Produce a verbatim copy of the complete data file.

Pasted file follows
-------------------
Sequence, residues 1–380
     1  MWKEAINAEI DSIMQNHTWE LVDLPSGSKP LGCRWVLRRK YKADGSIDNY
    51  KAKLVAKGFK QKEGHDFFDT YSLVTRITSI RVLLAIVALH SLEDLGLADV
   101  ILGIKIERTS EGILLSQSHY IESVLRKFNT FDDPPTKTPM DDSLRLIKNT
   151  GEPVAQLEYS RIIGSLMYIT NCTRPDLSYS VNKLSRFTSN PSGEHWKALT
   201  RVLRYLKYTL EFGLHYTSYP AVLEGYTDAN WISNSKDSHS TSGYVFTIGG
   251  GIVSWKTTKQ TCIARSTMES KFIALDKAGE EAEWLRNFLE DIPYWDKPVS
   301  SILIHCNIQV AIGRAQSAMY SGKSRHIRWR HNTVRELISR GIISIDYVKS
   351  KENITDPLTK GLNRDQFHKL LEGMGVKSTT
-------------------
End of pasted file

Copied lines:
Sequence, residues 1–380
     1  MWKEAINAEI DSIMQNHTWE LVDLPSGSKP LGCRWVLRRK YKADGSIDNY
    51  KAKLVAKGFK QKEGHDFFDT YSLVTRITSI RVLLAIVALH SLEDLGLADV
   101  ILGIKIERTS EGILLSQSHY IESVLRKFNT FDDPPTKTPM DDSLRLIKNT
   151  GEPVAQLEYS RIIGSLMYIT NCTRPDLSYS VNKLSRFTSN PSGEHWKALT
   201  RVLRYLKYTL EFGLHYTSYP AVLEGYTDAN WISNSKDSHS TSGYVFTIGG
   251  GIVSWKTTKQ TCIARSTMES KFIALDKAGE EAEWLRNFLE DIPYWDKPVS
   301  SILIHCNIQV AIGRAQSAMY SGKSRHIRWR HNTVRELISR GIISIDYVKS
   351  KENITDPLTK GLNRDQFHKL LEGMGVKSTT